Methinks that as often as feelings expressed bring about better understanding and peace of mind, even solidarity or delight, they are also able to stir up sensations better left latent or arouse dogs better left sleeping.
Shared words of affirmation have the power of quelling emotions of unrest and doubt; even of soothing troubled hearts. On the other hand words of reversed affirmation, so to speak, can be retrogressive and disheartening.
In much the same way flags, while they are inherently lifeless objects, have the potential of sending massive shivers down otherwise rigid and indifferent spines. Or of ruffling otherwise smooth feathers; rubbing them up the wrong way. Few tokens or emblems are as compelling as flags. They fly and ripple, they beat and gallop, they drape and honour or they hang limp and lifeless – sometimes half-mast…
In my lifetime two flags of national significance have impacted on two separate eras of the country I call home. The first was as beautiful to me as any nationally significant flag is to a patriot. It awakened in me the sense of belonging – especially if I saw it gracing the skies above a border post or an embassy in a faraway land. However as a symbol it had its time. There was simply no way that it could be hoisted over the New South Africa.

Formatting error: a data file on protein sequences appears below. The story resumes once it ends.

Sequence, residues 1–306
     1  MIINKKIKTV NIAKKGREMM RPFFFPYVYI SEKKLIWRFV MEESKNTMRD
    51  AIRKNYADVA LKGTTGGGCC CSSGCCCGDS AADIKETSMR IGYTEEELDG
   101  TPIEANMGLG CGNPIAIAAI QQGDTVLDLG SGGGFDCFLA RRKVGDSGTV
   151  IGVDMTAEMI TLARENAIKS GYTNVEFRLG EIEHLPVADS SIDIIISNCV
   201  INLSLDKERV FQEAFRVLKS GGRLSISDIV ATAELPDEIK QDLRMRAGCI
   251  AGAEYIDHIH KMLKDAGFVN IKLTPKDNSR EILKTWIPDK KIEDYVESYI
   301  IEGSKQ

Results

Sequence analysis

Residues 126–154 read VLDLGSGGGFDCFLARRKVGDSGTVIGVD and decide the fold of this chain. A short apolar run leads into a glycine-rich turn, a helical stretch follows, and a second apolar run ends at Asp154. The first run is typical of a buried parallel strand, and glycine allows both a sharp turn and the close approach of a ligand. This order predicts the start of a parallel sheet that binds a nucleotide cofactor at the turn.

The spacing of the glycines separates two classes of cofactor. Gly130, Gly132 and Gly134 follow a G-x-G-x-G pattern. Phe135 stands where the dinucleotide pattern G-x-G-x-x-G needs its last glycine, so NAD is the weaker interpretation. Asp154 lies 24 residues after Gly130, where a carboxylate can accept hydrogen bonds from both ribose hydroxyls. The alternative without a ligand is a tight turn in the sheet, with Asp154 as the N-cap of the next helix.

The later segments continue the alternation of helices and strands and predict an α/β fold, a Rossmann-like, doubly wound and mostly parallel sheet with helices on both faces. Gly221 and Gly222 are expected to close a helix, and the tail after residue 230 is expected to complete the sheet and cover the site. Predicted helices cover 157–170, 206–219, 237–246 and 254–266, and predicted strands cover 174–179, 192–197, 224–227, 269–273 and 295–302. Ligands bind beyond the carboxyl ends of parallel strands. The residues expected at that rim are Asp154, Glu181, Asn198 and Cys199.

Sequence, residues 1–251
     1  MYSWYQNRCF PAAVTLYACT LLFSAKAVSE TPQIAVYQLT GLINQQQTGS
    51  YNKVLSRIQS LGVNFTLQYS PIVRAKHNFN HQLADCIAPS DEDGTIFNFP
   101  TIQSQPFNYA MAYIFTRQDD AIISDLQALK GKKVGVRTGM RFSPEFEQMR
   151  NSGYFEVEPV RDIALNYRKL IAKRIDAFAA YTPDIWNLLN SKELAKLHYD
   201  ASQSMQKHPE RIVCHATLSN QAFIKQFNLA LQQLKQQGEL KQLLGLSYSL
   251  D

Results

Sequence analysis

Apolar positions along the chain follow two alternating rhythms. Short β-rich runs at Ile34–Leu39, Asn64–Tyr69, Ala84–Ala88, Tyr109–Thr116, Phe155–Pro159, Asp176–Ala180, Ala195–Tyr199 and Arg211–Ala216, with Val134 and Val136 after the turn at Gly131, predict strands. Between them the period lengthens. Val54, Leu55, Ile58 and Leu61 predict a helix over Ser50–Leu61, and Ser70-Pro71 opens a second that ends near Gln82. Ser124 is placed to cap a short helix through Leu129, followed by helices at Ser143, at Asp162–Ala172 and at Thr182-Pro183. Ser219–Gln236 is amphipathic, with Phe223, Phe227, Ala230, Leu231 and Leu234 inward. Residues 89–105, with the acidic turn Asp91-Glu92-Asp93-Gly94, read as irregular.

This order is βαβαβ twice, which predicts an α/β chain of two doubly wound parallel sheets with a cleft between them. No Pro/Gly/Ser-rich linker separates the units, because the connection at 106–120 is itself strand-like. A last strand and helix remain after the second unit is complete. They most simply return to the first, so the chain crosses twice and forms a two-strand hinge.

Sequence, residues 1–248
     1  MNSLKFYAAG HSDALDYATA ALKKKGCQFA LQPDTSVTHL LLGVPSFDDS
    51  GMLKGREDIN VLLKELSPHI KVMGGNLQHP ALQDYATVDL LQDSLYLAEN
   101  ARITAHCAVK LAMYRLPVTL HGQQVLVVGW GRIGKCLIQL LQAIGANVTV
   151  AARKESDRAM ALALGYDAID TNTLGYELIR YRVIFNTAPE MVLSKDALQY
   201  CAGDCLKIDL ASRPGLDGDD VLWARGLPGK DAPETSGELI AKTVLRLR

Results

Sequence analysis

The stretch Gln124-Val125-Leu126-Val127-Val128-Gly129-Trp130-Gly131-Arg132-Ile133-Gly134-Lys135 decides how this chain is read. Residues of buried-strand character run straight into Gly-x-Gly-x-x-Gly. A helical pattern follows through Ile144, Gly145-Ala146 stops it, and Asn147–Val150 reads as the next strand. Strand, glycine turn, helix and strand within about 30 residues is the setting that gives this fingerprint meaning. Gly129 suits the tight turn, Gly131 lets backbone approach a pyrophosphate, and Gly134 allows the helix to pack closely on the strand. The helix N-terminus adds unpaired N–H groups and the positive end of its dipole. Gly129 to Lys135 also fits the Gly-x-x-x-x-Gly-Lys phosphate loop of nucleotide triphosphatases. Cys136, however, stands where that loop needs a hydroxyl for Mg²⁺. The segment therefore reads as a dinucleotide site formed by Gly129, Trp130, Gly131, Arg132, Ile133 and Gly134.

Maybe suitably, the ‘old’ flag was bade farewell in the hearty and triumphant atmosphere of South Africa’s re-entering of the international rugby arena at Ellispark in 1992 when our national team clashed with the All Blacks. Never before or after was that flag displayed so abundantly and spontaneously as at that momentous occasion – by a capacity crowd.
Three years later, in the very same stadium against the very same opponents, the capacity crowd of rainbow spectators was united under a brand new flag that was swung and paraded with swelling pride and accompanied by the rousing and unmistakable sounds of ‘Shosholoza’. The new era had dawned.
With its confluence-like symbolism and its bold colours this flag had taken shape before our eyes. It had been conceptualised and designed to serve a new purpose and we, the ordinary citizens, had shared in the process. It had to be a more inclusive, more representative national symbol. And it had not only been inevitable, but also essential: it was herald to a new dispensation.
Emotions had been mixed and even confused. There had been apprehension and anticipation; a sense of loss, but also undeniably the sensation of awakening pride and solidarity.
Almost twenty years down the line that flag is here to stay. To be embraced. To be taken ownership of by all and sundry across colour and creed who claim to be South African.
Who can deny swallowing with some difficulty when watching it sliding up a flagpole to the sound of the (new) national anthem with its colourful blend of phrases from a number of indigenous languages – incorporating crucial parts of the ‘old’ anthem?
God bless South Africa!